In a way. But it’s raw data that I gave a hug to.

I’m interested in the strange series of events that led to “Rugby Child” — the broken 909 causing the tempo changes, which in turn give the strings this bizarrely layered feel that’s hard to describe.

The music was written during the Freedom sessions, but the lyrics were written during the pandemic, and it was very much a reflection of feeling trapped. A friend had overdosed in the early lockdown, and I used him as an example of the tea kettle exploding. But then I was like, “I don’t want to do it like an Amen Dunes song; I want this to feel fun and free.” I’m a big Lil Peep fan. I love all that he engendered, so I was like, “What’s the cheapest way I could do this song? What if I put a kick drum on top of a folky finger-pick guitar?” I used the Lil Peep song “Benz Truck” as a model.

I had this fun format, but I realized I didn’t know what I was doing, so I started programming all these beats. In Ableton, you’re supposed to abide by the computer’s grid, which is a BPM that’s mapped out so all of your instruments can be edited within that format. I didn’t do that, so I was recording a 909 with a broken clock, manually nudging the beat as I went. Since it wasn’t on the grid, when I did overdubs they wouldn’t line up with the drums. It was fucking crazy. I hired an engineer, and he spent maybe two weeks on and off with me trying to edit “Rugby Child” to be straight. It didn’t work. I made it work, in the end, by editing every kick drum by hand, so your ears can’t tell that it’s truly off.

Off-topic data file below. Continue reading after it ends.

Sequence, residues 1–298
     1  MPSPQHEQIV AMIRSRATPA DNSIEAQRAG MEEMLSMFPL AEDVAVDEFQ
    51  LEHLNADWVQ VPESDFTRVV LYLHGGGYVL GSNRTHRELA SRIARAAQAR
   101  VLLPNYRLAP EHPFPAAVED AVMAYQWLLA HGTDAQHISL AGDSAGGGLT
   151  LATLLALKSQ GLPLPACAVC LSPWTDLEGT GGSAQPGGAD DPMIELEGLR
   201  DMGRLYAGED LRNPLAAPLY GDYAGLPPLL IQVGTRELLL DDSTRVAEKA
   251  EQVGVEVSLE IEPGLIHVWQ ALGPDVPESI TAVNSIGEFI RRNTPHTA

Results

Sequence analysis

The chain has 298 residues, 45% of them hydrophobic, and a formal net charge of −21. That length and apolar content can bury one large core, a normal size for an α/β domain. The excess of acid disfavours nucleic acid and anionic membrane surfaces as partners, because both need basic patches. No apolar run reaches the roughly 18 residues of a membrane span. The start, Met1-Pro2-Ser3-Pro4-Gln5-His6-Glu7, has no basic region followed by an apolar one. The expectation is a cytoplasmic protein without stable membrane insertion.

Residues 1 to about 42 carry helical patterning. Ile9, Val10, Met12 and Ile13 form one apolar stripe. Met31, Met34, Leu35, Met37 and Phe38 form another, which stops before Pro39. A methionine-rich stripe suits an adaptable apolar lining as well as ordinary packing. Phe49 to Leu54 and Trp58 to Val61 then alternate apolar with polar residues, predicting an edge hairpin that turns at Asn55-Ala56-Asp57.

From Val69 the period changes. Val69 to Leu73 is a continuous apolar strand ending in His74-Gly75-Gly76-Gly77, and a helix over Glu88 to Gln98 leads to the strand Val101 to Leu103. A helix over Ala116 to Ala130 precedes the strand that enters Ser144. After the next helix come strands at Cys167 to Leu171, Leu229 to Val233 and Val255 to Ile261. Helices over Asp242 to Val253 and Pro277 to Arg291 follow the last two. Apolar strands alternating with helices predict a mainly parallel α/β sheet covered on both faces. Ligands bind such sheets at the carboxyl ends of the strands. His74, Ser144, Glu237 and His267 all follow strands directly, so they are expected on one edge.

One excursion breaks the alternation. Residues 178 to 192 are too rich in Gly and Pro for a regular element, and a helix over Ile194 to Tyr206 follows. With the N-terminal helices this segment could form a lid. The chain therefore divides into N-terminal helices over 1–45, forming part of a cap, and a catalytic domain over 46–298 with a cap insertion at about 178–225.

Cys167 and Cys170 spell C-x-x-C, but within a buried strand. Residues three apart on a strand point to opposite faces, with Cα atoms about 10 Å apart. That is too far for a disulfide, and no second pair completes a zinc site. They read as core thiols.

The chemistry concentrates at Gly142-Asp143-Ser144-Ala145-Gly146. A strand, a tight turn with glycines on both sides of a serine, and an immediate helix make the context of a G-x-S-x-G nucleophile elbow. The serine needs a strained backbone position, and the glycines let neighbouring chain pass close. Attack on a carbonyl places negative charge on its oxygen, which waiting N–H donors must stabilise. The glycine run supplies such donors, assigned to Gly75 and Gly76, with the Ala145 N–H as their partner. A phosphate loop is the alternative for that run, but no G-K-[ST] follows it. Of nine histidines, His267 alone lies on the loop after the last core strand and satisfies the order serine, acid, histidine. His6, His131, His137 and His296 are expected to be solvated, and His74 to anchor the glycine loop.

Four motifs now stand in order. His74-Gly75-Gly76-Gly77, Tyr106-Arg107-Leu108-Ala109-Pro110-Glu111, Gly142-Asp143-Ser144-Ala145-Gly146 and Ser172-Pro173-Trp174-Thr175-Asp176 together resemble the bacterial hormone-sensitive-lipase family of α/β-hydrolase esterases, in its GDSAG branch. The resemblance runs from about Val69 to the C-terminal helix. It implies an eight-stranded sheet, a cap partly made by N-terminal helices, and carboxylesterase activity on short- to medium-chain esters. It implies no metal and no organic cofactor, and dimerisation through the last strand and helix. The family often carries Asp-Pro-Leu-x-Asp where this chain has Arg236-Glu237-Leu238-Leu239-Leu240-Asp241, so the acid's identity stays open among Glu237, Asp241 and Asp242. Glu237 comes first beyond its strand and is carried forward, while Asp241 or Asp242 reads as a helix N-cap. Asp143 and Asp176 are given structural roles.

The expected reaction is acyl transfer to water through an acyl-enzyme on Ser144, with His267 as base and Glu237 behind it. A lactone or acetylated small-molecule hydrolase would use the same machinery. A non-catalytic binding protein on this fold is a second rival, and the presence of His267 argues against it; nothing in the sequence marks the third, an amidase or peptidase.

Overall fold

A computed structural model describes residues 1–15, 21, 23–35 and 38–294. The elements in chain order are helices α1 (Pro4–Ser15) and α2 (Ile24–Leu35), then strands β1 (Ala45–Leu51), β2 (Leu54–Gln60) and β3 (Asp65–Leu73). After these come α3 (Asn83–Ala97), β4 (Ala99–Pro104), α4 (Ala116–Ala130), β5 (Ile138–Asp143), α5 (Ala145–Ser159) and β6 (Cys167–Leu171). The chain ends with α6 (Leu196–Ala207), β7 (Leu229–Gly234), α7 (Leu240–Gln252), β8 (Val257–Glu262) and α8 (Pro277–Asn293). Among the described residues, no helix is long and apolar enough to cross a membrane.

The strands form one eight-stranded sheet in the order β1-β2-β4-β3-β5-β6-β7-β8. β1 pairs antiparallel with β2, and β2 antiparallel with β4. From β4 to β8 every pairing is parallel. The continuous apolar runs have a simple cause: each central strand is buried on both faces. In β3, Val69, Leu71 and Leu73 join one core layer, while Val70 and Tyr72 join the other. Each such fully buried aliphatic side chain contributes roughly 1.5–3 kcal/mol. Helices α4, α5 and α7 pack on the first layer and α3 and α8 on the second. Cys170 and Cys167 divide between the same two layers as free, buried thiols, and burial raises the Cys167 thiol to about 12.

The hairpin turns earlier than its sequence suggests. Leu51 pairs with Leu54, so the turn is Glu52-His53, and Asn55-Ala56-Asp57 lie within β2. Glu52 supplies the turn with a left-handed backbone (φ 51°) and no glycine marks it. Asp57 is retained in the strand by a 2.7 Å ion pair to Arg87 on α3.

“Round the World” is a sample saga, but the central sample is of your own piano playing. Do you approach sampling yourself and sampling others differently?

No, I don’t think so. Everything’s material. [On “Round the World”], I did that out of necessity. Like a lot of my songs, it was an improvisation that I recorded with my iPhone, and I tried to transcribe it. The problem was that it was nine minutes long and the chords changed constantly. My music is rhythm music, so my voice and all the subtle melodic changes went along with every chord change. If you straightened it out, it’d just be trash.

One of the many themes of this was artistic flexibility and autonomy, not being told by the man that you can’t do what you want to do. I wanted to discuss the constriction that exists these days that has a chokehold on art making. Lenny Bruce talks about it in the last track. “Round the World” is an example of that stranglehold: I perceived that I would be foolish to do it alone because it’s so unorthodox, so I hired these two jazz pianists to do it for me, and they basically scoffed at me, like, “You’re a fucking idiot. This is stupid. You don’t need to do this. Just straighten it out.” They tried it, and it sounded terrible.

I tried to do it myself, but it didn’t sound right either, so eventually I went to the original improv, chopped it up in my phone into 15 different chord voicings, and pasted it throughout a nine-minute grid in the Ableton session.

“There’s this scarcity mentality in the music world, and there’s no generosity. There’s no abundance. No one pays for music, and as a result the musicians are left to be so stingy and uptight.”

Before starting this record, you learned to play piano from a psychic medium named Jonichi. What inspired that?